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What is security awareness?

cleveland cyber security

What is security awareness?

cleveland cyber security

What is Security Awareness?

By definition aware means, “well informed about a particular situation or development“. Would you or your employees know what to do in the event of a ransomware attack? Take your time and answer these questions correctly, being able to answer them is crucial.

If you can truly answer yes, then congratulations,  continue doing what you are doing. If you can’t answer with 100% certainty, then keep reading.

Since you aren’t 100% sure how you or your employees would react if faced with a ransomware attack, let’s take a moment to walk through an actual attack. Put yourself in the situation, and write down how you would react. At the end we will outline the actual steps you should take and you can grade your results.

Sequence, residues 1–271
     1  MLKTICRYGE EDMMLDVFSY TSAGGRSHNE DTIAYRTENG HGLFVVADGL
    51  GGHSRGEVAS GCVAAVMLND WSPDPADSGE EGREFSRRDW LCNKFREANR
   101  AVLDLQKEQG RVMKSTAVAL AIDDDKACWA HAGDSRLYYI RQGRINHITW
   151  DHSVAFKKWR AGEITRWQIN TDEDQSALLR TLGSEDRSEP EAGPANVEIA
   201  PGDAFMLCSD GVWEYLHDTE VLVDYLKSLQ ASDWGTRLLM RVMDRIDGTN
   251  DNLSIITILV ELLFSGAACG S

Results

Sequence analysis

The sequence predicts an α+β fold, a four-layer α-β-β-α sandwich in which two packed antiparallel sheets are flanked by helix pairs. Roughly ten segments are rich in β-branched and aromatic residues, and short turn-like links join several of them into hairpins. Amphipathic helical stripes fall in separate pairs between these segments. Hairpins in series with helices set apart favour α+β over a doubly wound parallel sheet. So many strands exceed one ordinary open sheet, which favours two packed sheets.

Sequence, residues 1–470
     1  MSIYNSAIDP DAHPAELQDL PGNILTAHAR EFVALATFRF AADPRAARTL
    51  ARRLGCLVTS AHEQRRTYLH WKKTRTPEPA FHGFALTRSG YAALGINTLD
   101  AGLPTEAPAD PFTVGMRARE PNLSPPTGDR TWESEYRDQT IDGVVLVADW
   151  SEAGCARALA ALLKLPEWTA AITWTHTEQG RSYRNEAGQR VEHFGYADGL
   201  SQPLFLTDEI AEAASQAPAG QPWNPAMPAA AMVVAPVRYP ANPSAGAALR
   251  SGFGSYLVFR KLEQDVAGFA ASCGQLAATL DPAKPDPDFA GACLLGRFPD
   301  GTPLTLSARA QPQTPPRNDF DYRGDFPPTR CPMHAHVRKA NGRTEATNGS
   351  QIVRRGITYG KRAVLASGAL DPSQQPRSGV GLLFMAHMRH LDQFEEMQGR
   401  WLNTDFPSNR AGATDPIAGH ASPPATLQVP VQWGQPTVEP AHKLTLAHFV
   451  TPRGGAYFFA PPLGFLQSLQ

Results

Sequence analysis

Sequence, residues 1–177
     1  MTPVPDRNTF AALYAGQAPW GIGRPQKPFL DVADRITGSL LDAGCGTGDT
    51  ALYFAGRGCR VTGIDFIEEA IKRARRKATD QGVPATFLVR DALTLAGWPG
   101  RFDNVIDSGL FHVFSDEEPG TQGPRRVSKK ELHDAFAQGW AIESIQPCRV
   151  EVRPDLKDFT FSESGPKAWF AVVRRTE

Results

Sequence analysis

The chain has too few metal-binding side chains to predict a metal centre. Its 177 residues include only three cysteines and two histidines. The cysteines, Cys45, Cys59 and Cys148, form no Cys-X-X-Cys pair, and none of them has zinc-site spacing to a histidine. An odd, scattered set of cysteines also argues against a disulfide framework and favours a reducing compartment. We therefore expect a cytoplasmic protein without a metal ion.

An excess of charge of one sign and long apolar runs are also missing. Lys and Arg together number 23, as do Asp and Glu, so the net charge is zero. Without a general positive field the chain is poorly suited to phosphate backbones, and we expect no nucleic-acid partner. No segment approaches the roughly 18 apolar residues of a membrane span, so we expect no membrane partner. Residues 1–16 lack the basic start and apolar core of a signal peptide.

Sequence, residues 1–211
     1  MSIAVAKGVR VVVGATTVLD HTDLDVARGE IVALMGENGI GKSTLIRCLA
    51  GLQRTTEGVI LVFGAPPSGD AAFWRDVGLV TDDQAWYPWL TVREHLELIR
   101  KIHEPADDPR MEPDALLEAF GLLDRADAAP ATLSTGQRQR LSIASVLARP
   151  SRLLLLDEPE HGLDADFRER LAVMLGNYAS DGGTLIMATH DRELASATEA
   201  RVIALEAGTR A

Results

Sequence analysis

Step One

Most ransomware attacks begin as an email. The email will appear to come from someone within your organization, this could be your boss or another co-worker. They will often have their signature, and a valid return address. An attachment of email link will accompany the email.

The most common method is a request to pay an invoice, perhaps one that is past due. Another tactic is to ask for some form of payment to be made. The request will almost always urge the person to circumvent the standard procedures.

Your employees need to know what to look for, so that they can quickly and easily and identify these types of phishing attempts, so they avoid them.

Step Two